Ravens running back Ray Rice knocked his fiancee unconscious in an altercation at an Atlantic City casino during the weekend, according to a complaint filed by police, who said Wednesday that they have referred the case to county prosecutors for review.
The revelation came as a video clip showing the aftermath of the incident was posted online. The 50-second video, obtained by the website TMZ, shows Rice lifting fiancee Janay Palmer by her arms out of an elevator in the Revel Casino and laying her on the ground. She appears limp as he pulls her legs away from the elevator's doors and props her up.
Contacted about the allegations in the summons, Rice's Philadelphia-based attorney, Michael Diamondstein, declined to comment. Earlier in the day, he said the online video clip was authentic but incomplete.
"The video that has been put up by TMZ shows the very end of what transpired between Ray and his fiancee," said Diamondstein, who said he and Rice would "not try this case in the media."
"We are confident that by the time all of the facts are in the open, the public will have a complete and true picture of what actually transpired, and we just ask that the public remember what a high-character, good person Ray is, and that they reserve judgment until all the facts are out."
An attorney for Palmer could not be reached.
A Ravens spokesman said: "We have seen the video, this is a serious matter and we are currently gathering more information." Owner Steve Bisciotti declined to comment.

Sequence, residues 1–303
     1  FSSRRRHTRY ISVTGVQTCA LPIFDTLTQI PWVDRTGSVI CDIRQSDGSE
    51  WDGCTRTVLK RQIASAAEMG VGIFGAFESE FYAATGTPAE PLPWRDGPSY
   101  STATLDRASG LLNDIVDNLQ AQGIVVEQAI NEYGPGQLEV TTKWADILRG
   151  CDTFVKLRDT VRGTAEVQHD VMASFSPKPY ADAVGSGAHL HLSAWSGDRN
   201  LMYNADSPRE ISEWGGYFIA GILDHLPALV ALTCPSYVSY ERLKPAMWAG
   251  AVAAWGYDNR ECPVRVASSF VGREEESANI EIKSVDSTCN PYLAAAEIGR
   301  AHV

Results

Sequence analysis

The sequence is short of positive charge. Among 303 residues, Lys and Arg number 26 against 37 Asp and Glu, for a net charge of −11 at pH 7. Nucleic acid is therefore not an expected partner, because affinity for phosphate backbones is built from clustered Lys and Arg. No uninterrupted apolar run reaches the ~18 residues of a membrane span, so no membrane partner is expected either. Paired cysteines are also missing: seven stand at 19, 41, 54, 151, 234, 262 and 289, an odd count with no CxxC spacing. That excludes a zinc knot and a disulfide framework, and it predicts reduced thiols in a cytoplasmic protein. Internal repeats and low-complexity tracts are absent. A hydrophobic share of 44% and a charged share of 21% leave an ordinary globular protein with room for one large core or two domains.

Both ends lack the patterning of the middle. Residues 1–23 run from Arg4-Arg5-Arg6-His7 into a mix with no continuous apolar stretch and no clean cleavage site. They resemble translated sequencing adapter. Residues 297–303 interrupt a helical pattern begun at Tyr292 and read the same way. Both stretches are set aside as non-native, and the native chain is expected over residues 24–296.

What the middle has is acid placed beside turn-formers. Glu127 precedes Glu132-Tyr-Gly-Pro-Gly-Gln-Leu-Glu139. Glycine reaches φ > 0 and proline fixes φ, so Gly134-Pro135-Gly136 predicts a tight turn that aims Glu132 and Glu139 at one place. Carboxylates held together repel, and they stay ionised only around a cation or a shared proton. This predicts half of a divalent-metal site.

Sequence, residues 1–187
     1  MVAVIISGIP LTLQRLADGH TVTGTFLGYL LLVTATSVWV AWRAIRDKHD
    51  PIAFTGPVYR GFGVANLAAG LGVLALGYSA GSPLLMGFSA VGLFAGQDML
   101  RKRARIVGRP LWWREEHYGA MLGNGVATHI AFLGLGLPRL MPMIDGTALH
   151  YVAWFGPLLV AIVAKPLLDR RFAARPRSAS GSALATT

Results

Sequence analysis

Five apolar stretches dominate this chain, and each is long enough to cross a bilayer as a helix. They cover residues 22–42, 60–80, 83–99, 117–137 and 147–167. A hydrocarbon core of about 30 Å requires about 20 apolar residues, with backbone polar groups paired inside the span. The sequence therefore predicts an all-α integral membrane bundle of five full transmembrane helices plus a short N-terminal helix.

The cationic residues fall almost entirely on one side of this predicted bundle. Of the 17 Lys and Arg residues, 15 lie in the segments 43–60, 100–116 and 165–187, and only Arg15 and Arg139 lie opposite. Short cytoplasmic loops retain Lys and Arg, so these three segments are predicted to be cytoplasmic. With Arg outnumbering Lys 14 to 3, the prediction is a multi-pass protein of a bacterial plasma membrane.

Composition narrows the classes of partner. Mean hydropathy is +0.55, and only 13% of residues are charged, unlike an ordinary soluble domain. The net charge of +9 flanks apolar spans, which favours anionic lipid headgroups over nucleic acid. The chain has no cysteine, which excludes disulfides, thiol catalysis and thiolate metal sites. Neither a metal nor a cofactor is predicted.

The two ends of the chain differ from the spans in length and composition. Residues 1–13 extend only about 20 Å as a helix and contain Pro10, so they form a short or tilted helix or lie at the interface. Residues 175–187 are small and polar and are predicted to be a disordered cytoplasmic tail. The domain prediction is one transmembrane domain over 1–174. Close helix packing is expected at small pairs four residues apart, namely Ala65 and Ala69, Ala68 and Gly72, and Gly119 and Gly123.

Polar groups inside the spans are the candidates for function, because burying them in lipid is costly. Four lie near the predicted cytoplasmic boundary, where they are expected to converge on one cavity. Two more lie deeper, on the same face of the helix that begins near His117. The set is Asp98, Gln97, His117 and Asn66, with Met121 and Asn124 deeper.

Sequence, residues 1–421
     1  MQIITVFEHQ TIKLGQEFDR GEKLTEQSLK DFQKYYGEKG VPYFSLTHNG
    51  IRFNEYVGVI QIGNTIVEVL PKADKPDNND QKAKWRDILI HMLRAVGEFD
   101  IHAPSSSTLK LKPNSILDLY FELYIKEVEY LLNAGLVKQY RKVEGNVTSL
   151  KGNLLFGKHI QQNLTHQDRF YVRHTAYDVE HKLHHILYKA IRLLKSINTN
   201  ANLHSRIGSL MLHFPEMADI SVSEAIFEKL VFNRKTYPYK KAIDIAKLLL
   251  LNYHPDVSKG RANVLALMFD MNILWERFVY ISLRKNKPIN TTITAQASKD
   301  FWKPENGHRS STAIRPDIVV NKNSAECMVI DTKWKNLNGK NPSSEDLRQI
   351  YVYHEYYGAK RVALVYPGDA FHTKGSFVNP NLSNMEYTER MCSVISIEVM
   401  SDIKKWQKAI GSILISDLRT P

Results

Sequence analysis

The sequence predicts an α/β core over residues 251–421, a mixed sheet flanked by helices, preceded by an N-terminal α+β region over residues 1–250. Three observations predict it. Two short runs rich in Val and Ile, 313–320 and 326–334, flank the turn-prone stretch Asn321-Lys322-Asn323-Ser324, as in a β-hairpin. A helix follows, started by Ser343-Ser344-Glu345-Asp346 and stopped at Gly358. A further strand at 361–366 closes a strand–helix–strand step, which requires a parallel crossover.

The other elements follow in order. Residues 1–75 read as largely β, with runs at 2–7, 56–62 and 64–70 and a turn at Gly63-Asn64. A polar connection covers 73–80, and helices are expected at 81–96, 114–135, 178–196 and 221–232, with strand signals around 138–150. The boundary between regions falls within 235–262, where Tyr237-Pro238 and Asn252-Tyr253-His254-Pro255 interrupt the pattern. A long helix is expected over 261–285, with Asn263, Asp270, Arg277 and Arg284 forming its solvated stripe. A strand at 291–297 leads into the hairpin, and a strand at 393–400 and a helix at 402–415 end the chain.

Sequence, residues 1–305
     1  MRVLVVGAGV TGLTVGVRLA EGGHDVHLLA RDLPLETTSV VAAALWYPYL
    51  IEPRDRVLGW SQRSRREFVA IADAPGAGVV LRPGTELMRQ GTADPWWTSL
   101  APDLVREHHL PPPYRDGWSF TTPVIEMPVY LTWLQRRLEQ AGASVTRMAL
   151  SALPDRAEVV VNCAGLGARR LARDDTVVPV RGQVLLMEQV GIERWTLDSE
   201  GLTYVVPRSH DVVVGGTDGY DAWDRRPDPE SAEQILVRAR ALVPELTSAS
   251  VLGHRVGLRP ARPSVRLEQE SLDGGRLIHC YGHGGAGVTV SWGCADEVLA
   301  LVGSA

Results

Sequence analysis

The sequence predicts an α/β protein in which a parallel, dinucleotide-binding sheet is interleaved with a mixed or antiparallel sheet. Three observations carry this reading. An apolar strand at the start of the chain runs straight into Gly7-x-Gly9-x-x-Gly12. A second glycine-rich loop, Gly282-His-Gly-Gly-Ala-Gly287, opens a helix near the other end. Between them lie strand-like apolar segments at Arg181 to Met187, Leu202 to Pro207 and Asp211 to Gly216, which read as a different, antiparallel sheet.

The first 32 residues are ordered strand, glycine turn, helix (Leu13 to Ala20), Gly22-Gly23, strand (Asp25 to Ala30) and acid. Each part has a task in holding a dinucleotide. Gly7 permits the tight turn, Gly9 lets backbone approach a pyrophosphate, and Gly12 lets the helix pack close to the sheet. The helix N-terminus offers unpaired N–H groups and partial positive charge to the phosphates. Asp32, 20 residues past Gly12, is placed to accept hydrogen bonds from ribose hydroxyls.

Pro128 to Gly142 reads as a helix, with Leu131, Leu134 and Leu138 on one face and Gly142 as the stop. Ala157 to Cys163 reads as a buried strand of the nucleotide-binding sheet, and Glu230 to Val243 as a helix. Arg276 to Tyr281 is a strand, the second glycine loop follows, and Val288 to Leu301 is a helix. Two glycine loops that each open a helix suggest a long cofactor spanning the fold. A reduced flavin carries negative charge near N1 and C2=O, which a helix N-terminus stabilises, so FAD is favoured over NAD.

Rice, 27, has been one of the Ravens' top players for years, with his success burnished by high-profile anti-bullying efforts and sponsorships. This week's legal trouble comes on the heels of his worst season as a starter.
Fallout from the incident continued Wednesday, as Rice pulled out of a charity fundraiser scheduled for Friday in Baltimore. A source told The Baltimore Sun that Rice's arrest would be reviewed by the NFL under its personal-conduct policy.
Atlantic City police also said they had asked the county prosecutor's office to review the case and "ensure appropriate charges are considered."
Rice and Palmer were arrested and charged Saturday morning with simple assault, then released with a summons to appear in municipal court. The charge, punishable by up to six months in jail, requires prosecutors to show that a suspect attempted to cause or caused bodily injury. It is considered a "disorderly persons offense" in New Jersey.
The charges against Rice and Palmer are less severe than the New Jersey crime of aggravated assault, which involves the use of a weapon or an attempt to cause "serious" bodily injury.
Police said the couple refused medical attention and did not report any injuries to police. On Sunday, Rice's attorneys called the incident a "very minor physical altercation."
A copy of the summons issued to Rice says he "committed assault by attempting to cause bodily injury" to the 26-year-old Palmer, "specifically by striking her with his hand, rendering her unconscious, at the Revel Casino."
The summons for Palmer says she struck Rice with her hand.
Rice, who starred at Rutgers University in New Jersey, visited the Revel Casino on Atlantic City's boardwalk Friday night with a group that included Palmer. They attended a burlesque show, where a club manager reported that they appeared to be in good spirits.